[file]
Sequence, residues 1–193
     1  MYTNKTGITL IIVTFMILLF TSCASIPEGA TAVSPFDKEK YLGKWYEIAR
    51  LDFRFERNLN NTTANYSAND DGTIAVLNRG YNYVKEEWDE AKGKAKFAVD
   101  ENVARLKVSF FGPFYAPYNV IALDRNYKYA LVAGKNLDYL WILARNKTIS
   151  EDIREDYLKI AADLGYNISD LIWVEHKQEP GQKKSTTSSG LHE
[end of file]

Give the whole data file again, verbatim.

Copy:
Sequence, residues 1–193
     1  MYTNKTGITL IIVTFMILLF TSCASIPEGA TAVSPFDKEK YLGKWYEIAR
    51  LDFRFERNLN NTTANYSAND DGTIAVLNRG YNYVKEEWDE AKGKAKFAVD
   101  ENVARLKVSF FGPFYAPYNV IALDRNYKYA LVAGKNLDYL WILARNKTIS
   151  EDIREDYLKI AADLGYNISD LIWVEHKQEP GQKKSTTSSG LHE